Second, the lyrics mention the snowman being “Parson Brown.” At the time Smith wrote the lyrics the word “parson” was in common use and people knew its meaning. In the 1950s there was a fear that people would not understand the meaning so the whole marriage idea that plays an important role in the song was removed and a “circus clown” entered in its place. During the 1960s artists returned to “Parson Brown.” There have also been a few versions of the song that feature both “Parson Brown” and a “circus clown.”

There has also been a comedy parody of the song titled, “Walking in My Winter Underwear.” It was actually this song that had me looking at “Walking in a Winter Wonderland.” I sing with a men’s chorus named “The Coastalaires.” One of our songs for our Christmas show was “Walking in My Winter Underwear,” written by Melinda Root and Fannie Zollicoffer. As I researched it I didn’t find anything about the story behind the song. What I did find was, the song was recorded by Stan Borenson. At the time there was a television show named, “Lunch with Casey,” staring Casey Jones. In one episode, Jones dresses in rather battered red long underwear with a huge mustache and lip synced to Borenson’s recording. Someone took offense to either the song or Jones’ attire (or possibly both) and called the station to complain. Jones made an on-air apology on the next episode. That caused the switchboards to light up and hundreds called talking about how funny it was and didn’t see anything offensive at all. The act became a regular performance for Jones each Christmas.

It was a beloved song that truly came close to never being written. I would like to think God had Dick Smith get out of his bed to see those children at play. Because he did and even through his pain, wrote it all down, we have a song so many of us love and enjoy each year.

Have a blessed day in the Lord.

Joy and Peace,
Keith

Copyright 2016, J. Keith Broyles, All Rights Reserved

Sources:

Collins, Ace, Stories Behind the Best Loved Songs of Christmas, Grand Rapids: Zondervan2001.

Collins, Andrew, Stories Behind the Greatest Hits of Christmas, Grand Rapids: Zondervan, 2010.

Gant, Andrew, The Carols of Christmas: A Celebration of the Surprising Stories Behind Your Favorite Holiday Songs, Nashville: Thomas Nelson, 2015.

Osbeck, Kenneth W. Joy to the World: The Stories Behind Your Favorite Christmas Carols, Grand Rapids: Kregal, 1999.

https://en.wikipedia.org/wiki/Winter_Wonderland

https://en.wikipedia.org/wiki/Felix_Bernard

https://en.wikipedia.org/wiki/Richard_B._Smith

Author:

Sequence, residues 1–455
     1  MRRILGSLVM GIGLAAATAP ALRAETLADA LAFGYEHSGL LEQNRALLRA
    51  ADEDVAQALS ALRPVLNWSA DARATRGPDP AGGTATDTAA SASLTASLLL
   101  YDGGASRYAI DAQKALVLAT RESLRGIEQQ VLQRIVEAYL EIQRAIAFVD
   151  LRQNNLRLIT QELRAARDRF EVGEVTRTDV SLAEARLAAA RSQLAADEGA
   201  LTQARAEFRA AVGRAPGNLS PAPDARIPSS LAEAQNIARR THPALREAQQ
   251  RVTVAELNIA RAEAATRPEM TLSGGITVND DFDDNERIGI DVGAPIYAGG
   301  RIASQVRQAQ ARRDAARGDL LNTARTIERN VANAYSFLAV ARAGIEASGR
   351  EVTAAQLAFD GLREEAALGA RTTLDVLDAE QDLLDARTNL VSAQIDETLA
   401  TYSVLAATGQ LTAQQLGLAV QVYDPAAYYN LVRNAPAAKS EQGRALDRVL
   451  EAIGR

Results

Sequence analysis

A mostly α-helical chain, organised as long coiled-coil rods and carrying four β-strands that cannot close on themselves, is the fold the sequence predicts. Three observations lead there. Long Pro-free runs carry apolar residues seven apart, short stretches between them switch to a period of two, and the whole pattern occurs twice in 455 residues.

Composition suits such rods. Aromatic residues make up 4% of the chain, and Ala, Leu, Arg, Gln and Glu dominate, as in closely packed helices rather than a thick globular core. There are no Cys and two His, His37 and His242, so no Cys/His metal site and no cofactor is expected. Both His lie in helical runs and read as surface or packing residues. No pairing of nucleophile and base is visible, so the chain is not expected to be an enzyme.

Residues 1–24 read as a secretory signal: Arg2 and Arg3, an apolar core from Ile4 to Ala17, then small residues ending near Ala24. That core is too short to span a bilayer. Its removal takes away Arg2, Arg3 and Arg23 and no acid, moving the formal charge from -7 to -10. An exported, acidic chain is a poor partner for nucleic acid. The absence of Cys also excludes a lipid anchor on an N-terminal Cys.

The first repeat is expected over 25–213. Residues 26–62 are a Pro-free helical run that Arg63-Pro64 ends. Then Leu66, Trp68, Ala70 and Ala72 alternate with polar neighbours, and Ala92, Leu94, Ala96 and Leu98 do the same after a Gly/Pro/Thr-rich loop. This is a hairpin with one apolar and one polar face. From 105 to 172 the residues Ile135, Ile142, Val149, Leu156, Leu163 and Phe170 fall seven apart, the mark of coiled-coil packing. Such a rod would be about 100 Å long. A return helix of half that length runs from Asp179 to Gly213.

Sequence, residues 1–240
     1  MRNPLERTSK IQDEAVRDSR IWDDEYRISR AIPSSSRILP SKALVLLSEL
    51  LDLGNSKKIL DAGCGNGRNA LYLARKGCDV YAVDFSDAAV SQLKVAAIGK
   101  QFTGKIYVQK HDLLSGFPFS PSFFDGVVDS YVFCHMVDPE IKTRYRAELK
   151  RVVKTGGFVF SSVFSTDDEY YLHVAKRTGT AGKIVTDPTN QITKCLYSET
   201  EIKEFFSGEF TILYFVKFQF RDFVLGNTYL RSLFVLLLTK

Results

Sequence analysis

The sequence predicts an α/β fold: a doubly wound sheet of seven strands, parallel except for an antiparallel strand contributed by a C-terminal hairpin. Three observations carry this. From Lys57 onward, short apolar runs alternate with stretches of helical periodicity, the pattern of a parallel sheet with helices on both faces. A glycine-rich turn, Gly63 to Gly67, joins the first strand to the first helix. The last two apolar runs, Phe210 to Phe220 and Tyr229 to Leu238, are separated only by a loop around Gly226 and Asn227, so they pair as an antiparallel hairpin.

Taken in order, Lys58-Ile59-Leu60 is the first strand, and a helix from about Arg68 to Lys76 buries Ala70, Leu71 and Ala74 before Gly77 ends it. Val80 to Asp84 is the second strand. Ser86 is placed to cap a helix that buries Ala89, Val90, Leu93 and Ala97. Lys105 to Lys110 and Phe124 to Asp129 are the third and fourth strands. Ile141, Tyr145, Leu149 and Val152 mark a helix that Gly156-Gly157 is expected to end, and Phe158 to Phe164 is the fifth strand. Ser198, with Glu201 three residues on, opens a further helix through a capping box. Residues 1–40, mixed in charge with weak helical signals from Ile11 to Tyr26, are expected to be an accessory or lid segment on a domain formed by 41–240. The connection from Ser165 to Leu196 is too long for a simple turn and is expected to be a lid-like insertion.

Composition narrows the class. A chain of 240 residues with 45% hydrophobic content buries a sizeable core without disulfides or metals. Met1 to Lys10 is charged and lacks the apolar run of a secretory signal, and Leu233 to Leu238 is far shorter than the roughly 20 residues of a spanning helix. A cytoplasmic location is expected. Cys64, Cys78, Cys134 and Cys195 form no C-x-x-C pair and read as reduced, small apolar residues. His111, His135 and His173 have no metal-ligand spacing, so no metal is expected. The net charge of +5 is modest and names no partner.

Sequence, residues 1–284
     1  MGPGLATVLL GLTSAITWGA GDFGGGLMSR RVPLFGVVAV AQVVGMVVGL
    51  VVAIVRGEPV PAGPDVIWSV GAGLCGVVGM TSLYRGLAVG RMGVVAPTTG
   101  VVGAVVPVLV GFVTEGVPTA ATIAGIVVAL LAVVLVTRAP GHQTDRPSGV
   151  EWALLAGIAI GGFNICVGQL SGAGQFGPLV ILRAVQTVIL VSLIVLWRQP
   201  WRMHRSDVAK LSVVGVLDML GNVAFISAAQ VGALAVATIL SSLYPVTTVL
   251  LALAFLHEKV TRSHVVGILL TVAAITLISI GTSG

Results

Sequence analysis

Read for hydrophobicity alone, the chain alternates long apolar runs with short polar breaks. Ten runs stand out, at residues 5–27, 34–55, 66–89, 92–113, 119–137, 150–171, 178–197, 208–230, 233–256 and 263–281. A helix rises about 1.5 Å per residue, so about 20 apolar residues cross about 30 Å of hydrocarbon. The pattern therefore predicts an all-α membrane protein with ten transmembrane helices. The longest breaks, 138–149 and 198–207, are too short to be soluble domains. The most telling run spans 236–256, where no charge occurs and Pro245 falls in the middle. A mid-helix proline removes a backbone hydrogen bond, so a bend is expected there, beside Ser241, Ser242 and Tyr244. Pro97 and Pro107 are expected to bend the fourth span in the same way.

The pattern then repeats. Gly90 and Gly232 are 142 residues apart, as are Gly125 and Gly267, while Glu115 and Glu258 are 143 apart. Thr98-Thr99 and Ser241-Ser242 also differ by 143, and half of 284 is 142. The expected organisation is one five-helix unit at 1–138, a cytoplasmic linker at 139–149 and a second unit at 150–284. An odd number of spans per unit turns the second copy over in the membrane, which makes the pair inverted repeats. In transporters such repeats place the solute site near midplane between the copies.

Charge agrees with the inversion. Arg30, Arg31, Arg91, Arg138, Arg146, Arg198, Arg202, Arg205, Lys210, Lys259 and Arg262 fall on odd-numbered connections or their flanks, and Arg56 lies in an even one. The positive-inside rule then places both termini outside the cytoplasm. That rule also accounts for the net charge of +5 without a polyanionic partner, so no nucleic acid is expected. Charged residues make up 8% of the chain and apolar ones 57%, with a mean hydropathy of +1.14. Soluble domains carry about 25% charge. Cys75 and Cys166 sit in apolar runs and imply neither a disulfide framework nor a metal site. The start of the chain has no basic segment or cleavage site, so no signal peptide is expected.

Spirita Spiro (Esperanza for "Spirit's Breath) is rather new in my life. But the blog is not. I began writing a blog several years ago. It lived under the title, "The Pastor Ponders." Over the years I have tried several different names and "The Pastor Ponders" always seemed to fit best. I am trying again with Spirita Spiro. For 27 years I was a full-time pastor in the United Methodist Church. This year, August 2018, I semi-retired (I can't actually retire quite yet) and began teaching social studies. It is something I have always wanted to do and if I was going to do this, I needed to make it sooner rather than later. So, I made the move. I thought with the career change there also needed to be a name change to the blog and other things, such as spiritual direction. Spirita Spiro is my attempt to share some of my thoughts. I often share what I am thinking with my dog "Bishop," but he keeps his thoughts to himself. He will even go to sleep sometimes while I am sharing my thoughts with him. The truth is, if it doesn't involve getting his ears scratched, his belly rubbed or some kind of treat, he really doesn't care. I will say this for him, he never argues with me or tells me I am wrong. So, I decided to share some of my thoughts with whoever might come across this blog in their ramblings around the Internet. I live with my wife Cindy and our little dog in Lufkin, Texas. I spent the past 27 years as a full-time United Methodist pastor. Most recently I served as pastor of First United Methodist Church in Sweeny, Texas. I have also served United Methodist congregations throughout East Texas including rural Madison County (Elwood UMC), Lovelady (First UMC) and Kennard (Center Hill UMC), Canton (First UMC), rural Smith County (Mt. Sylvan UMC and Union Chapel UMC), Grapeland (First UMC), Tyler (Pleasant Retreat UMC), Santa Fe (Aldersgate UMC), Freeport (First UMC) and Oyster Creek (Oyster Creek UMC), Diboll (First UMC), and now Sweeny (First UMC). My wife Cindy and I have been married for over 40 years. We have two grown sons. Wayne and his wife Nikki and all our grandsons (Kaleb, Noah, and Jaxon) live in Southern California. Christopher and his wife Morgan and both our granddaughters (Jenna and Natalie) live in Tyler Texas. I enjoy preaching and all aspects of preaching from research to writing to the actual preaching event. I also love writing, reading, playing the guitar as well as a bit of drawing. I have spent quite a bit of time over the past two years working with paracord on various projects, mostly prayer ropes I usually give away. I sing bass with a local barbershop chorus called The Coastalaires. I have also recently begun doing a little wood carving. I also enjoy playing with Bishop, something he likes a great deal better than listening to my thoughts. I hold an Associate of Applied Science Degree in Business Data Processing, specializing in Microcomputers from San Jacinto College in Pasadena, Texas, a Bachelor of Science in Political Science with a minor in History from Sam Houston State University in Huntsville, TX, a Master of Divinity from Southern Methodist University in Dallas, TX and a Doctor of Ministry from Carolina University of Theology. When I was a student at Carolina, the school was in Iron Station North Carolina. They have since relocated to Manassas Virginia (Yeah, go figure, a school named Carolina geographically in Virginia). This blog is mostly devotional writing, but there are other things here too. Just about every week I will either post my sermon manuscript or a video of the worship service. On occasion, I will post something I see in society. Occasionally I write a short story, a poem, or a song and will post it here too. I will say this, my motivations for writing this blog are really selfish. I write it to get what I am thinking out of my head and onto something a bit more permanent. They say, after all, once something is on the internet it never really goes away. Still, I hope you enjoy reading it. And, should you desire, you can one-up Bishop and actually tell me what you think. Who knows, it might generate a bit of discussion between you and me and anyone else who might make their way here. With Joy and Thankfulness, Keith Sweeny, Texas May 2018